A Seattle-based company is preparing to try and tap a dormant volcano in Oregon for geothermal energy this month.
Engineers from AltaRock Energy have been given the go-ahead by the US Bureau of Land Management to begin injecting water into a network of cracks 3 kilometers underground, at the site of the Newberry volcano in Oregon.
Geothermal power projects normally use naturally occurring hot water in the Earth, but much geothermal energy is also stored in impermeable hot rocks. The method used in this type of project is to fracture the rocks with pressurised water, to increase the permeability of the rocks enough to use them for geothermal power generation.
The Newberry volcano site is being used because, obviously, the rocks are hotter at a shallower depth in volcanic areas. It is hoped that this will increase efficiency, as hot rocks are often very deep in non-volcanic areas. If successful, it is thought that the cost-efficiency of a project such as this could rival fossil fuels.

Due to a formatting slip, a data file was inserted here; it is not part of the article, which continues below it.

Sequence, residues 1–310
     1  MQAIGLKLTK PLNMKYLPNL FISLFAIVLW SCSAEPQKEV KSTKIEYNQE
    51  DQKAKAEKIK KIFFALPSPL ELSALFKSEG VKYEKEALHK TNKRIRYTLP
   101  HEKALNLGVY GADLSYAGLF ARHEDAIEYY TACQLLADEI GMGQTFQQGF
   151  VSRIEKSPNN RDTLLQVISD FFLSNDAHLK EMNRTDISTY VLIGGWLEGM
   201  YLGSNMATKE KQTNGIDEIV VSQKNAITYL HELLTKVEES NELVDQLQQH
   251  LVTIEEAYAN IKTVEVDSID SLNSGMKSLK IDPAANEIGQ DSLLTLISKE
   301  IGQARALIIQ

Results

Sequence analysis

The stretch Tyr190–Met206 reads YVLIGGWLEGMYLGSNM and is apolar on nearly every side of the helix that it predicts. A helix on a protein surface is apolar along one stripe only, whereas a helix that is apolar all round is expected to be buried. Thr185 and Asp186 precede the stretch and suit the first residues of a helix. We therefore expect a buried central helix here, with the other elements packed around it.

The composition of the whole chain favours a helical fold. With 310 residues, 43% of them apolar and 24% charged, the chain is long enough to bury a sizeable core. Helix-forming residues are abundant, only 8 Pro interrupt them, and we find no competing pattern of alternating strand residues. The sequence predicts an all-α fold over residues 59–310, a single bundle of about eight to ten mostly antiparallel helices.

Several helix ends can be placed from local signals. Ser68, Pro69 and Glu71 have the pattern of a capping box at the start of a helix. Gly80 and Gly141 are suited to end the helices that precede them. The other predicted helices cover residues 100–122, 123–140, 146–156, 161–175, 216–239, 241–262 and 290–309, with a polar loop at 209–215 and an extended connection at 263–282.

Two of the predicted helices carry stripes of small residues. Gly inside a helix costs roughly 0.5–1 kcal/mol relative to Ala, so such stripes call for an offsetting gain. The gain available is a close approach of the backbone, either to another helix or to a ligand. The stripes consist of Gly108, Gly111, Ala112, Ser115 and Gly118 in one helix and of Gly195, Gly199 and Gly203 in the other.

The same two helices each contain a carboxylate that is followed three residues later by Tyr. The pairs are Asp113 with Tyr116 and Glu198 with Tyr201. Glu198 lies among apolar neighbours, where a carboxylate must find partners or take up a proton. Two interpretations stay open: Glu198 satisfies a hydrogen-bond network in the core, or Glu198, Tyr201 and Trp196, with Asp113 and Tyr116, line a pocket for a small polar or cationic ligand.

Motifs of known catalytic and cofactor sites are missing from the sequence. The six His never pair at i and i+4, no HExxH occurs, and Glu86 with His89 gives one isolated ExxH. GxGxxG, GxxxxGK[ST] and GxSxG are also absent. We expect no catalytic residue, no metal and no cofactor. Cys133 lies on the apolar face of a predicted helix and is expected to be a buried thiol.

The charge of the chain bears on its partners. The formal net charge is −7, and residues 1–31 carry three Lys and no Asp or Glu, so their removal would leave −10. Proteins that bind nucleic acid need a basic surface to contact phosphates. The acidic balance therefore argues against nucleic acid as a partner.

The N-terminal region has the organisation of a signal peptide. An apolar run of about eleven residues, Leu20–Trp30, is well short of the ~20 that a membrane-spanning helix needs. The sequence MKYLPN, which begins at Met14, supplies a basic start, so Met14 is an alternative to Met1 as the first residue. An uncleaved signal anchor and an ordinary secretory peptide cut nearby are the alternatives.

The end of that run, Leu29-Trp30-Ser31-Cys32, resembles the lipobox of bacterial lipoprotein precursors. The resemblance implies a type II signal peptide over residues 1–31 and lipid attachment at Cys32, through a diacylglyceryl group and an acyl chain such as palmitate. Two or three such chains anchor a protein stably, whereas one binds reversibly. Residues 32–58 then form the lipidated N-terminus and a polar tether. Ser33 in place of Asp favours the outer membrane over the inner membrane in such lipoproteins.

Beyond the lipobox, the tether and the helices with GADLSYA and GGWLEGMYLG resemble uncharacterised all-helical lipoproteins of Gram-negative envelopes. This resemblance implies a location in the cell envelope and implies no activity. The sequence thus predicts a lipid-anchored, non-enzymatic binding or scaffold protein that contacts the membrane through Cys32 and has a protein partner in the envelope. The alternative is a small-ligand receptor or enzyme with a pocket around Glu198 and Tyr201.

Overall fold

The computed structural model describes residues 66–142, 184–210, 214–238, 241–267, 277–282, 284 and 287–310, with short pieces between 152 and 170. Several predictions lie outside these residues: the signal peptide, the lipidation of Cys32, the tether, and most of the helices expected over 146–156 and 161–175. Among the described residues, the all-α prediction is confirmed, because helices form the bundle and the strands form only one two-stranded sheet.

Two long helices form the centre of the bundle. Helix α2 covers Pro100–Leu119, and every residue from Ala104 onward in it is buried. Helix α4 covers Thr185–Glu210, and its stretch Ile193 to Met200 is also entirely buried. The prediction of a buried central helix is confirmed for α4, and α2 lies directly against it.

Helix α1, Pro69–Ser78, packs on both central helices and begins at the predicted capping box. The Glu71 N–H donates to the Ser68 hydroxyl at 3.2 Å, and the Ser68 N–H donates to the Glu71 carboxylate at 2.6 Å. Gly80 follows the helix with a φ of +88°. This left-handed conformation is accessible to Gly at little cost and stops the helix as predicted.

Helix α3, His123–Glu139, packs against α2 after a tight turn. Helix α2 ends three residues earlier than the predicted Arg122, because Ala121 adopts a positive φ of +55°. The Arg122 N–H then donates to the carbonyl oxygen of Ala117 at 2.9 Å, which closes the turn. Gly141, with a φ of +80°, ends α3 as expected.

Apparently the go-ahead for the geothermal project was given after independent studies had shown that the project did not have a high risk of causing earthquakes in the area, or contaminating groundwater. It is expected that testing of the project will be finished by 2014.